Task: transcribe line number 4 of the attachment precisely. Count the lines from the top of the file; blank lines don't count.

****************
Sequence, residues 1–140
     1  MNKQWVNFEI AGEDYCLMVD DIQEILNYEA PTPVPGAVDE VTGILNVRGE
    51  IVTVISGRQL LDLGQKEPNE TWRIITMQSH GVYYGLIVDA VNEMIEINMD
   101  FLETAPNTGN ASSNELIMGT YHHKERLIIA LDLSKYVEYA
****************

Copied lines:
   101  FLETAPNTGN ASSNELIMGT YHHKERLIIA LDLSKYVEYA